When asked what sort of justice should be applied to this sort of perpetrator, I feel like the only thing fit would be to do the same to them as they did to their victims. Starve them, beat them, strip them of every posession and of everything/everyone they love. To be as cruel and cold hearted as they themselves were, to perform brutal experiments on them. Obviously this is unrealistic, it wouldn't solve the problem and it would just sink us down to their level. So I feel like a long lonely, sad life in a dark prison would do it. Although I do think most of these people aren't even worthy of their lives, I think they should be forced to suffer instead of being put to death.
Reply With Quote
  #12  
Old 04-06-2009, 21:32
LACUATRO LACUATRO is offline
student
 
Join Date: Sep 2008
Posts: 28
??

It is really hard to answer this question, especially because one doesnít know the exact feeling of both these men. For me it wouldíve been ridiculously hard to forgive the SS Officer but I agree with signewton:

ďIf I was Wiesenthal then I would have forgiven the SS officer. Saying the words I forgive you cannot entirely relieve someone of their guilt. The SS officer knew what he did was wrong and that is why he needed to confess, but even with a Jew's forgiveness he would have to live with the fact that he was a murderer, a criminal.Ē

Hearing from an officer that he was sincerely sorry for what he had done to someone (the children etc.) would have moved me just a little. I would still be mad because with or without my forgiveness, who knows what wouldíve happened to me. I was going to go back to reality to the concentration camp and hopefully live longer than expected. Although I understand that the officer didnít do anything against me specifically like warewolf11 says,

ďThis is mainly due to the fact that I couldnít speak on behalf of the people who died, nor was I involved in the act the German committed, so how could I forgive him, on the behalf of all the Jews in Europe.Ē

I still would have thought of forgiving him, but I would have stayed in the same state as Weisenthal, quiet.

In class I was assigned to read this ladyís response to Weisenthals story, Elizabeth. She herself couldnít really answer the question. All she did in her response was talk about either side, if he did and if he didnít forgive the SS Officer. From reading her response though, I did gain something. If I was Wiesanthal like I said before, I would have felt a little better and would have gotten a little bit of hope about getting out of this mess. This is because I would think that like this SS Officer there must be other Germans that knew the wrongs that was going on, and maybe even Germans who werenít actually doing any of these atrocities.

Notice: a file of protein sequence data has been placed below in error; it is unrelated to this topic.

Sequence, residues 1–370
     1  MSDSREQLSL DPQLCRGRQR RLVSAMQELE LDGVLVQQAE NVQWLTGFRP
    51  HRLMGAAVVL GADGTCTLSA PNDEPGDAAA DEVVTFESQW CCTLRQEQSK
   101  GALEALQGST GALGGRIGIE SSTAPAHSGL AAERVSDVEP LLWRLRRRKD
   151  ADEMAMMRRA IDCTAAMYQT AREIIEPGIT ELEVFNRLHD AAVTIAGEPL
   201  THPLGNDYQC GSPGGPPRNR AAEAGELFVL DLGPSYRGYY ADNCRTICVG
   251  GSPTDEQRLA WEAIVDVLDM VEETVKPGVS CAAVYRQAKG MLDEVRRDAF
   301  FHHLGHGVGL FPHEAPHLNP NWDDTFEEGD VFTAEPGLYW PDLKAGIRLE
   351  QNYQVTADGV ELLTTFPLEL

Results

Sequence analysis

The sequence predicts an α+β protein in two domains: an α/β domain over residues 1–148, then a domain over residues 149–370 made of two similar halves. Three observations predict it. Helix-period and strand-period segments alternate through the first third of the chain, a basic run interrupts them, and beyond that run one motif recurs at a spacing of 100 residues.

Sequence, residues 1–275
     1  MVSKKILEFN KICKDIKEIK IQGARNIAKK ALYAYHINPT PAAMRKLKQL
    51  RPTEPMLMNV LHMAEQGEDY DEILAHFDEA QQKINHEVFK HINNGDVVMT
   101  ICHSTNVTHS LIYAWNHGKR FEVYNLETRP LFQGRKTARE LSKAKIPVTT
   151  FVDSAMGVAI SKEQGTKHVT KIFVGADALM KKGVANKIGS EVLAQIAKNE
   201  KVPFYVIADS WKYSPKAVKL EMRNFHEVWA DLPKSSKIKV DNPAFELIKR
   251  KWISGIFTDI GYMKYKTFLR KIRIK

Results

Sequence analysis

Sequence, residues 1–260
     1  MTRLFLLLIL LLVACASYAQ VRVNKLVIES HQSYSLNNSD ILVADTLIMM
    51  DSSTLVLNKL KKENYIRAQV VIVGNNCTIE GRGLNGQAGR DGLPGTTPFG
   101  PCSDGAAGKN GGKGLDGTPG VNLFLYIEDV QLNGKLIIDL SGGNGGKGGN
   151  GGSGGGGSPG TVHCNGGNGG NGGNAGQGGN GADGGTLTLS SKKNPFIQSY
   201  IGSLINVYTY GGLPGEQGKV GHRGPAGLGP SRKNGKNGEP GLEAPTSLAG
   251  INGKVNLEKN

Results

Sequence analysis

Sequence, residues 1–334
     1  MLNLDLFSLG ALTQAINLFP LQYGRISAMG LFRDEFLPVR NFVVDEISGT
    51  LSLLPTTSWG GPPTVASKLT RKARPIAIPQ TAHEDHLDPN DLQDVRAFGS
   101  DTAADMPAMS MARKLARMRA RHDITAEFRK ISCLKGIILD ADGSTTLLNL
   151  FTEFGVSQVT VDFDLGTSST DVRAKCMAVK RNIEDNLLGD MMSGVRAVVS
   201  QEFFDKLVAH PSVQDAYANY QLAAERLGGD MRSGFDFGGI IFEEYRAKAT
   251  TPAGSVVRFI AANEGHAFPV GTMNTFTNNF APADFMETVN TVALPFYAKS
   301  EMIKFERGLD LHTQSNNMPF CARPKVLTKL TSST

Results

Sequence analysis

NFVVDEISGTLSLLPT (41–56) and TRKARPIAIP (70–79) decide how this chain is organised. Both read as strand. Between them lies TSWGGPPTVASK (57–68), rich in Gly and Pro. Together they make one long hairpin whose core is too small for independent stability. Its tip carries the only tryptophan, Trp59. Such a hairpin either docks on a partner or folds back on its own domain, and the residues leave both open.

Reply With Quote
  #13  
Old 04-06-2009, 21:34
ForAllTimes ForAllTimes is offline
student
 
Join Date: Sep 2008
Posts: 27
To forgive or not

I think this is the hardest problem we, as humans, will come upon - the idea of forgiving someone who have wronged you. (Especially one who committed such heinous crimes). As Monkeybars819 said, I too disagree with ImJustGreat when he said that "I feel that it's right to forgive people no matter how high the atrocity of their crime is." I think that it's great that someone can forgive another for crimes that they committed, but I personally cannot do that.

Personally, I am someone who cannot forgive someone who can take the live of another living being away. I will let the "forgiving" part be left to God and the priests, or someone who thinks differently from me. I was going to say someone who is stronger than me, for i really think that being able to forgive someone is an inner strength, and I commend anyone who is able to do that. In Wiesenthal's case, I believe that he did the right thing, by keeping silent, especially since he himself was unsure if he was able to forgive someone. I think you should tell the person that s/he is forgiven only if you are 100% certain, and without a doubt. If there is a slight chance that you do not truly forgive them, and tell them that they are, you are not only lieing to yourself, but disrespecting the other person in return (even if that person committed atrocious crimes - it's not good to disrespect another person). Actually, this may sound very contradicting to my earlier statements, but if you are going to forgive someone, than do it with a pure heart. Do not forgive them if it will "make you feel better" about yourself because you are the "better" person in the situation. However, saying that you do not forgive the person when he is in his death bed is also a heavy blow on the conscience, so like i said before, it is best to remain silent and let the person interpret it the way they want. i guess.